Despite opposition from some residents and two San Luis Obispo city councilmen, it’ll soon be illegal to make a stink in SLO.
On an identical 3-2 vote, the SLO City Council officially adopted an ordinance at its March 31 meeting, stipulating “it is hereby declared to be unlawful and a public nuisance to cause or permit any persistent odors, which are offensive to individuals of normal sensitivity … to emanate across any parcel or property line.”
As they did during the odor ordinance’s introduction on March 17, council members Dan Carpenter and Dan Rivoire voted against adopting the law, which was once again supported by council members John Ashbaugh and Carlyn Christianson, as well as Mayor Jan Marx. The ordinance will take effect on April 30.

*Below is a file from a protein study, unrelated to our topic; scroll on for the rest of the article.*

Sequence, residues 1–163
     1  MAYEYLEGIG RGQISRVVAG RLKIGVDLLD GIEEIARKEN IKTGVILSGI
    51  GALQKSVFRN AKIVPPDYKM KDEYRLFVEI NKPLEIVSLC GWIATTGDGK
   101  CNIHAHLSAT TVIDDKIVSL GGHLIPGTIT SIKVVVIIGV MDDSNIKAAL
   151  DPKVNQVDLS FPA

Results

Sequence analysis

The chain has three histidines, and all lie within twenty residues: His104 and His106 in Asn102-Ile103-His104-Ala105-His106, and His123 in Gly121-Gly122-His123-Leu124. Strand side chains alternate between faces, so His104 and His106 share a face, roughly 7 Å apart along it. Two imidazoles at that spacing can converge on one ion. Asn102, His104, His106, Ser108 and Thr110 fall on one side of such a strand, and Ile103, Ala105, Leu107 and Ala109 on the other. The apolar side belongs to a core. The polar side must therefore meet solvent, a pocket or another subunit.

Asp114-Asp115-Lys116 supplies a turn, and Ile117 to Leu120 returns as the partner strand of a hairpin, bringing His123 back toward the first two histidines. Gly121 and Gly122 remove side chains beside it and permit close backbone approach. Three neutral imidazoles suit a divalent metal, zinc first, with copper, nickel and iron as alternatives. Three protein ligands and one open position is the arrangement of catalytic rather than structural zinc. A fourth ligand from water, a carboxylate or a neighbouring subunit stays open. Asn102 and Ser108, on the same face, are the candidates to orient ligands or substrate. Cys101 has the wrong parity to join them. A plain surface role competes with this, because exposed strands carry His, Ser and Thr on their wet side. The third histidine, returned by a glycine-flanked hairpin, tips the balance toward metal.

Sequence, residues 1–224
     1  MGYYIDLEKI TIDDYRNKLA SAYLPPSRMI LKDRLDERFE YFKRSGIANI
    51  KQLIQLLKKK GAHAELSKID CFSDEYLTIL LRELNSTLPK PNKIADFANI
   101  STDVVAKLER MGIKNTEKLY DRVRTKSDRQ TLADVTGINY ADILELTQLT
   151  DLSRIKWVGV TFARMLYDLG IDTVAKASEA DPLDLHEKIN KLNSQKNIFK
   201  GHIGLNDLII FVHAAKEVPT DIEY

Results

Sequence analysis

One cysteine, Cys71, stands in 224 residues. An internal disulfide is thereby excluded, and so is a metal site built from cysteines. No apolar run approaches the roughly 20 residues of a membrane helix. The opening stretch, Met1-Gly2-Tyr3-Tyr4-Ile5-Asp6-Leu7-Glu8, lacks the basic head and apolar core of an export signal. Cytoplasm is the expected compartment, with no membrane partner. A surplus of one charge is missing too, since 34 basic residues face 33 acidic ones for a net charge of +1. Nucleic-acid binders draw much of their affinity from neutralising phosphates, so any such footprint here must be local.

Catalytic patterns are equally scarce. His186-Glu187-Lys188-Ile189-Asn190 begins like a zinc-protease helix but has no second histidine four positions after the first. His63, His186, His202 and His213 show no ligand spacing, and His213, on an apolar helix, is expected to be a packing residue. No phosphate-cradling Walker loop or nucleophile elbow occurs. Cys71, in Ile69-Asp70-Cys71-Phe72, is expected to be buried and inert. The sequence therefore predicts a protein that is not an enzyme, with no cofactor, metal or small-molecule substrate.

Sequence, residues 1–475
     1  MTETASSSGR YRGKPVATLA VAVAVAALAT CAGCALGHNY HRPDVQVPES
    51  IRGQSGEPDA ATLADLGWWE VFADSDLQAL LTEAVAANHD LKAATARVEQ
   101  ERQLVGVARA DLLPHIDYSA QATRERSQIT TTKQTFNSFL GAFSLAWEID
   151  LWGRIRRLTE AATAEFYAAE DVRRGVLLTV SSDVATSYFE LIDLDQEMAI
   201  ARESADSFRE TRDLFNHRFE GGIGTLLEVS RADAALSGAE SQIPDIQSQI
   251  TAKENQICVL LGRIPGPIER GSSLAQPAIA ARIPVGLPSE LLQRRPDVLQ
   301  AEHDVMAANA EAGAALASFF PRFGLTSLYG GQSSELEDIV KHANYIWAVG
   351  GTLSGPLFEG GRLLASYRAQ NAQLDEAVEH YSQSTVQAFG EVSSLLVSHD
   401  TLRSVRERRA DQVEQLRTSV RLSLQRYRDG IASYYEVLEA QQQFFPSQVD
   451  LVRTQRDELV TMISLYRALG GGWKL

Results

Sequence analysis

On March 31, Carpenter called the odor ordinance “unenforceable” and “absolutely ridiculous,” while Rivoire merely stated he supported “most” of Carpenter’s viewpoints.
Six speakers at public comment also spoke against the ordinance, with none speaking in support.
“I oppose the odor ordinance, and I really don’t want to see city staff spend taxpayer dollars by tracking this down,” said SLO resident and former mayoral candidate Gordon Mullin. “There are other means to deal with this particular problem.”
In defense of the ordinance, Christianson said she doesn’t expect a flood of trivial complaints to bog down city staff, adding that the odor ordinance will instead serve as a tool for the city to address rare, but serious, problematic odor situations.
“Other than those [serious odor situations], I think this thing is going to go away,” Christianson said. “I’m perfectly happy to revisit this ordinance if it doesn’t turn out that way, though.”